As many as 80 schools in the UK have introduced “gender neutral” uniforms, allowing boys to wear skirts and girls don trousers if they prefer, as part of Britain’s new government-funded drive for educational institutions to be more sensitive to “trans” children.
The schools have either dropped references to girls and boys in their dress codes or have rewritten their uniform policy to say that pupils as young as five can dress in the uniform in which they feel most comfortable, The Sunday Times reported.
It is part of a new UK government-funded drive for schools to be more sensitive to “trans” children who are questioning their gender identity. Around 80 state-run schools have introduced the “gender neutral” uniform policies.
Diversity campaigners have warned schools that current policies risk discriminating against lesbian, gay, bisexual and transgender pupils (LGBT).
Brighton College, a leading independent school, announced a transgender-friendly uniform code earlier this year.
Some Christian organisations in the country have raised concerns that introducing a choice of uniform could confuse young children and lead older pupils to question their identities at a time when they need reassurance.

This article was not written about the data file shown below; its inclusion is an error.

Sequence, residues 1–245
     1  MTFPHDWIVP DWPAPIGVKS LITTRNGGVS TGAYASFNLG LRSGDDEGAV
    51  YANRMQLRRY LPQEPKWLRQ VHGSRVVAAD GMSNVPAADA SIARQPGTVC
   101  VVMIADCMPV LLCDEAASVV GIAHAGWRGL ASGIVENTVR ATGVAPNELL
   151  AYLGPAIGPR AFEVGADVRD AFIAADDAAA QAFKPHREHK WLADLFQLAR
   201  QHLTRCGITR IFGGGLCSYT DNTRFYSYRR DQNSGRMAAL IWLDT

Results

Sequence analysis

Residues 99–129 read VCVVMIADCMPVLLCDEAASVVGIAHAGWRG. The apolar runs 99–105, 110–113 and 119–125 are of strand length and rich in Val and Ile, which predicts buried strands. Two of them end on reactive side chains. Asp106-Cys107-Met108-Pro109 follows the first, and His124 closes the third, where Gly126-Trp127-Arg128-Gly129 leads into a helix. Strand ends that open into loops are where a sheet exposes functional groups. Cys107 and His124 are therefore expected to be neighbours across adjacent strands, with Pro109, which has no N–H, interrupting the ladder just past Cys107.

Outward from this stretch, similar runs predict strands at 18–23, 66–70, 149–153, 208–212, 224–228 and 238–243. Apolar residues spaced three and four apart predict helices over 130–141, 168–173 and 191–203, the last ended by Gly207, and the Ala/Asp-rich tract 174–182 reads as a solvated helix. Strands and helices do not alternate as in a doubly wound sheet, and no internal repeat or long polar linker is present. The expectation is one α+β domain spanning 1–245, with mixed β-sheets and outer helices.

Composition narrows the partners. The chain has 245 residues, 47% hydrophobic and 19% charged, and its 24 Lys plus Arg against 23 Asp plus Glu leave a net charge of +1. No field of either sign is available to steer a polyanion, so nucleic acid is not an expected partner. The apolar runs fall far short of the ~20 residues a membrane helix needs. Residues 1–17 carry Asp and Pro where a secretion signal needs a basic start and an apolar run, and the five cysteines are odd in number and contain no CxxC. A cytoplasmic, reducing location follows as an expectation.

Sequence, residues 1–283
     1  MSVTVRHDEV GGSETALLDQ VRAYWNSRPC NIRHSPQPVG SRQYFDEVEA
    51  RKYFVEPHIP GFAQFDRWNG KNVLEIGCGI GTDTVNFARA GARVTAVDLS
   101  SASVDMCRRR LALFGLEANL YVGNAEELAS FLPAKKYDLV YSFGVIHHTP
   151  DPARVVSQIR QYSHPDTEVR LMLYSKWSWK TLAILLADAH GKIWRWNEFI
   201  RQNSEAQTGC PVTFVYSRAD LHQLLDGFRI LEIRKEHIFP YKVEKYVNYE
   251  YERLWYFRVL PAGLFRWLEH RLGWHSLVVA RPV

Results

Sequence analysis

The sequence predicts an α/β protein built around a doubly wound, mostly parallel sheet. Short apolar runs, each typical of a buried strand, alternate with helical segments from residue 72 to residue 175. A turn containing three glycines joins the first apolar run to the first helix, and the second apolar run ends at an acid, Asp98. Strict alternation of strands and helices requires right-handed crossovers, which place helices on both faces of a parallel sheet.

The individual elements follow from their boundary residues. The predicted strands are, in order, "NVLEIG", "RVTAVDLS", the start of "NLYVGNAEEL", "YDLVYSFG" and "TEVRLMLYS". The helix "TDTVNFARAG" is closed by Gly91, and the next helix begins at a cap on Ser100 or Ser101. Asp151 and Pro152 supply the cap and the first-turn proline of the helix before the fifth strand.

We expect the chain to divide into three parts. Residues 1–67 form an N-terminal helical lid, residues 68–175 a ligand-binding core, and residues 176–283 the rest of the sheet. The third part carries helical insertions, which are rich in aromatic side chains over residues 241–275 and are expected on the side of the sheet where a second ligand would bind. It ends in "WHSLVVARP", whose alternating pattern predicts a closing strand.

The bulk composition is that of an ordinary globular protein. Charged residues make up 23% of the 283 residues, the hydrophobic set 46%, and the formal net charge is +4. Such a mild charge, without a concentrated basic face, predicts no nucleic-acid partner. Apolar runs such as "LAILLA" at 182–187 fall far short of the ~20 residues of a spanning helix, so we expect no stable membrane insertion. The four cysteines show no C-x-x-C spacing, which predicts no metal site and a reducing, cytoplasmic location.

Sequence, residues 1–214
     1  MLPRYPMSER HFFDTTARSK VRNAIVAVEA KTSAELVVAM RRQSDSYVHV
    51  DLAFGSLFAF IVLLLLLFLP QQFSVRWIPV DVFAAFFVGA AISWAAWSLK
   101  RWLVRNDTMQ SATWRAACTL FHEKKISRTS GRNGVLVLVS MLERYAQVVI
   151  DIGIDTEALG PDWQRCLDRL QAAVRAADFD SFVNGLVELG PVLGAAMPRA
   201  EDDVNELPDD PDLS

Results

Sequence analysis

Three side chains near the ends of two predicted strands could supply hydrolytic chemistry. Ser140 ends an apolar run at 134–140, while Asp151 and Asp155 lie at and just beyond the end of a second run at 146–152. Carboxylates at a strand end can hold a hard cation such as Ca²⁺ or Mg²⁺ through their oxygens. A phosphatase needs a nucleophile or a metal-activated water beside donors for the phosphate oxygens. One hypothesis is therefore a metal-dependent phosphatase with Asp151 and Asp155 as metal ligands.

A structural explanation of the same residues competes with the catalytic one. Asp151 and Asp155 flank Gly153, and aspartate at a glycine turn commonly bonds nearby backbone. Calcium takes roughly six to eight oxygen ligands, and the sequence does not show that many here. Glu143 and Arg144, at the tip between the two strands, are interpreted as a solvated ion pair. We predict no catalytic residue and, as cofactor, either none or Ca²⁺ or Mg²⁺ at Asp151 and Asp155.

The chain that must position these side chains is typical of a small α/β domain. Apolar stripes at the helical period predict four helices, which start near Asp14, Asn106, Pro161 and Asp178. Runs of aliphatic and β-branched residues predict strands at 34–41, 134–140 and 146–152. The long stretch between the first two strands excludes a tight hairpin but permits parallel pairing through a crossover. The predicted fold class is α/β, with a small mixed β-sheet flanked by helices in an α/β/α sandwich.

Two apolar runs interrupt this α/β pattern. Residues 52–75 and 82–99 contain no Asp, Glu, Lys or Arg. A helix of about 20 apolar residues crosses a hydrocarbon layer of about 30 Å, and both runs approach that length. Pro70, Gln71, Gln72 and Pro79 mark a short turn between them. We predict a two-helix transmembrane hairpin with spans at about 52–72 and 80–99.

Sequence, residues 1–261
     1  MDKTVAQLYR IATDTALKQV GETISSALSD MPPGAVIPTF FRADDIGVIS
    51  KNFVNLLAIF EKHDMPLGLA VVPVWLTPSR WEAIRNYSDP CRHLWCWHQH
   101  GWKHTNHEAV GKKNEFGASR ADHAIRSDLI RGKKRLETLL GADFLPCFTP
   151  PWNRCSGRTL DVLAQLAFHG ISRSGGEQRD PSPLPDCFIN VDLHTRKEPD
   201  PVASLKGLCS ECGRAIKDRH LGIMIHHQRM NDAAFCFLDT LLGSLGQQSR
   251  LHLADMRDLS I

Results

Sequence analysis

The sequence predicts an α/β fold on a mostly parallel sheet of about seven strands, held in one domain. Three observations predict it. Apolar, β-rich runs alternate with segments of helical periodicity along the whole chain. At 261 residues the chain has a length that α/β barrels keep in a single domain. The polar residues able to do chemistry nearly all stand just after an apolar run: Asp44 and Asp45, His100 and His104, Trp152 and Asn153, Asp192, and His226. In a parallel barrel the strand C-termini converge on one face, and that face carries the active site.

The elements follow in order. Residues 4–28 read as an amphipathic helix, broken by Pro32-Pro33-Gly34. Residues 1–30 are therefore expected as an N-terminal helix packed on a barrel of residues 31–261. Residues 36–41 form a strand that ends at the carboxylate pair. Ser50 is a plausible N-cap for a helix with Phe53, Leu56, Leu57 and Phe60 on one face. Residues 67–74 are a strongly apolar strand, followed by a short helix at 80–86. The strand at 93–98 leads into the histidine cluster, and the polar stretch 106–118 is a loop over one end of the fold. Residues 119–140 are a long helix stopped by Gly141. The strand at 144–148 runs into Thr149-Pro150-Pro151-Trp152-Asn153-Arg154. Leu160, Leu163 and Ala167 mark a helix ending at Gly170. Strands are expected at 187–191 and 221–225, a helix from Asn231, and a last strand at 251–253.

Allens Croft School in Birmingham is believed to be the first state primary to declare that it has a “gender neutral” uniform.
Under the rules, which are the same for both sexes, boys can wear a grey or black skirt or pinafore while girls can wear grey or black trousers.
“At Allens Croft, we aim to promote each child’s right to express their gender and personality in whichever way feels right for them.”
“To support this aim, our uniform policy is gender neutral. This means that whilst we expect all of our children to wear school uniform, the rules for boys and girls are the same and we do not insist that they wear specific items of clothing,” the policy stated.